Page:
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We have a somewhat lethargic start to this first full week of October.  We are witnessing a basic continuation of the pattern set after the release of the USDA data last week, with grains and wheat in particular higher and beans struggling. Still, overall we have not made a tremendous amount of headway, either higher or lower. Last Friday, I included a chart of weekly spot bean futures but felt it worthwhile this morning to give you a peek (or is that peak?) at the November-only chart. This contract has slipped down to the summer lows, which happen to be right at a 38% retracement of the entire 2020/21 advance, but note as well that we are also testing the 55-week moving average for the first time since August of last year.  We most certainly are sitting on the edge of the precipice, and it may not take much to push this market over.  The only possible saving grace is that weekly stochastics have already reached the oversold zone, so bears could be a bit reluctant to force the move at this time.  If they do, the next stop down should be 11.55.

The morning weather update calls for generally dry and warm conditions for the western half of the grain belt with scattered showers and warmer than average temperatures in the east.  The Delta will continue to struggle with excess moisture.  None of this would appear to be market-moving factors, and the overall harvest should continue to move ahead at a clipper pace.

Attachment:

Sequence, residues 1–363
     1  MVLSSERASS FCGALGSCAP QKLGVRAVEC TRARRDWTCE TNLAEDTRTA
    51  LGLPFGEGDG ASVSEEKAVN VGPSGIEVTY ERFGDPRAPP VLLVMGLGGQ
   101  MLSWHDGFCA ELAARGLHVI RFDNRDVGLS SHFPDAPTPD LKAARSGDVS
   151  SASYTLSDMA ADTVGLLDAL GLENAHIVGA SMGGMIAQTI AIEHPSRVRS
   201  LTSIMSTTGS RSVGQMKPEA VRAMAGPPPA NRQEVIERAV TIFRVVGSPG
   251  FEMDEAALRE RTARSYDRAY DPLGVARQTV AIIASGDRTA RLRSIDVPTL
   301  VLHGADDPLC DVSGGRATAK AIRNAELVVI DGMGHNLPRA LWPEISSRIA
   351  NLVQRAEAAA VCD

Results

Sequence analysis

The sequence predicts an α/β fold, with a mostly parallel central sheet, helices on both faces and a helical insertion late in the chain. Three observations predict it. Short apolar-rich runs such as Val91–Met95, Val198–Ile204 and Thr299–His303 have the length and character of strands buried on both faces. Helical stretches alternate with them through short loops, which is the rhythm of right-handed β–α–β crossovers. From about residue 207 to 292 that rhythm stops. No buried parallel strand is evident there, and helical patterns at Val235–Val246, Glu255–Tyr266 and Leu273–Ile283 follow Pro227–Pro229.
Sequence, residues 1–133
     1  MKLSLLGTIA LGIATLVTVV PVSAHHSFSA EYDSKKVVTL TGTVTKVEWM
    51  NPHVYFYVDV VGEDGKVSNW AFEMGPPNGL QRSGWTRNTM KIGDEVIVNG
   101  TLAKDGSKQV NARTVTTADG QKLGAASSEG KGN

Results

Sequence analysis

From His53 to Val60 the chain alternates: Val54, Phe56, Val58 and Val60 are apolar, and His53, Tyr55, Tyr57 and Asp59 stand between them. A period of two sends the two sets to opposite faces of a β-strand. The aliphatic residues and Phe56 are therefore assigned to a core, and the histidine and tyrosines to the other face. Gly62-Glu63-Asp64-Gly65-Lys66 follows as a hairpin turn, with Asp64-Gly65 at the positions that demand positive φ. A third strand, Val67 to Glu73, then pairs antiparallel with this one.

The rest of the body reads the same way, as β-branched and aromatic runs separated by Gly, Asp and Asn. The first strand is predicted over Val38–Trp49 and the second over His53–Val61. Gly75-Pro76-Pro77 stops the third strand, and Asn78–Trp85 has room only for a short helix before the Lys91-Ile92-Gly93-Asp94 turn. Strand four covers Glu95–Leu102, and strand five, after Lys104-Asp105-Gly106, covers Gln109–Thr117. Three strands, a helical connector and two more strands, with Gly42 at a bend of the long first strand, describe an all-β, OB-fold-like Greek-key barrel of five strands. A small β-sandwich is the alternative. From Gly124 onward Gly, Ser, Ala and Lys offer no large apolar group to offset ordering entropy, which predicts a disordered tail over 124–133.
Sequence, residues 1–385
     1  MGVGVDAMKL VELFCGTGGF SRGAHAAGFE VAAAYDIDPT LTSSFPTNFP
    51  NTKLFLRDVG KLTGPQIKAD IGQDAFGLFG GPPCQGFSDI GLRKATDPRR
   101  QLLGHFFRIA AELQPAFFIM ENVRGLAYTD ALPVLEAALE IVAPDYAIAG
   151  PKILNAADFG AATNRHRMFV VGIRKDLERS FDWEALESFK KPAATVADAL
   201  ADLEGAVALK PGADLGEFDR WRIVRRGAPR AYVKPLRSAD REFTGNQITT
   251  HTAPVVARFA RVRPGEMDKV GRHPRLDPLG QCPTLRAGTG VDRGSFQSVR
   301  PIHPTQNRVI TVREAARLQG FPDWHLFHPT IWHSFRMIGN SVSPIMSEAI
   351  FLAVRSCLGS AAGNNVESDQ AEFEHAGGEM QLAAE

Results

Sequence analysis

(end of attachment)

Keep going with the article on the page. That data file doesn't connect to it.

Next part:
We have at least started out the week with a nice export sale in corn.  Mexico was in to purchase 426,800 MT.  Of course, news that Mexico bought U.S. Corn will not set the hearts of too many bulls aflutter.

In the macro trade this morning, we find pretty much every market under pressure, with the exception of crude oil, which has pushed into higher highs for this swing yet again.  The members of Opec+ are meeting again today to discuss possibly opening the valve a bit wider. Gauging from this market action, many in the trade do not believe it will be opened by much, if any.